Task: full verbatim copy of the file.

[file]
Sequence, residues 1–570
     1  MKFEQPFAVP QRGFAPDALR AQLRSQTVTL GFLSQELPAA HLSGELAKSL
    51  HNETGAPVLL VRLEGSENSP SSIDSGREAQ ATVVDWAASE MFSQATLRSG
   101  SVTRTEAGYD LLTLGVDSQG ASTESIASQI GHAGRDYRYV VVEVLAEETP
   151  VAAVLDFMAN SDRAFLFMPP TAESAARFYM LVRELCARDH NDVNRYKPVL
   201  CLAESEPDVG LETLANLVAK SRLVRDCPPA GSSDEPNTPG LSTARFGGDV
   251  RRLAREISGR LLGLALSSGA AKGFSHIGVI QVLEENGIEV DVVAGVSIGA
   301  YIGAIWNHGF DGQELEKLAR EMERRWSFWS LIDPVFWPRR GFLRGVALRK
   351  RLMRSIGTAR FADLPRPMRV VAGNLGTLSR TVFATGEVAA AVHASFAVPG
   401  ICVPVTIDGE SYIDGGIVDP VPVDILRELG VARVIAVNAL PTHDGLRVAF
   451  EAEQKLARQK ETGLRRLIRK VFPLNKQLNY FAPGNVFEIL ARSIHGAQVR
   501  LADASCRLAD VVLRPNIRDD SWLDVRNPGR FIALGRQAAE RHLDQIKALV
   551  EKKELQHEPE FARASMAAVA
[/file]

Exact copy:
Sequence, residues 1–570
     1  MKFEQPFAVP QRGFAPDALR AQLRSQTVTL GFLSQELPAA HLSGELAKSL
    51  HNETGAPVLL VRLEGSENSP SSIDSGREAQ ATVVDWAASE MFSQATLRSG
   101  SVTRTEAGYD LLTLGVDSQG ASTESIASQI GHAGRDYRYV VVEVLAEETP
   151  VAAVLDFMAN SDRAFLFMPP TAESAARFYM LVRELCARDH NDVNRYKPVL
   201  CLAESEPDVG LETLANLVAK SRLVRDCPPA GSSDEPNTPG LSTARFGGDV
   251  RRLAREISGR LLGLALSSGA AKGFSHIGVI QVLEENGIEV DVVAGVSIGA
   301  YIGAIWNHGF DGQELEKLAR EMERRWSFWS LIDPVFWPRR GFLRGVALRK
   351  RLMRSIGTAR FADLPRPMRV VAGNLGTLSR TVFATGEVAA AVHASFAVPG
   401  ICVPVTIDGE SYIDGGIVDP VPVDILRELG VARVIAVNAL PTHDGLRVAF
   451  EAEQKLARQK ETGLRRLIRK VFPLNKQLNY FAPGNVFEIL ARSIHGAQVR
   501  LADASCRLAD VVLRPNIRDD SWLDVRNPGR FIALGRQAAE RHLDQIKALV
   551  EKKELQHEPE FARASMAAVA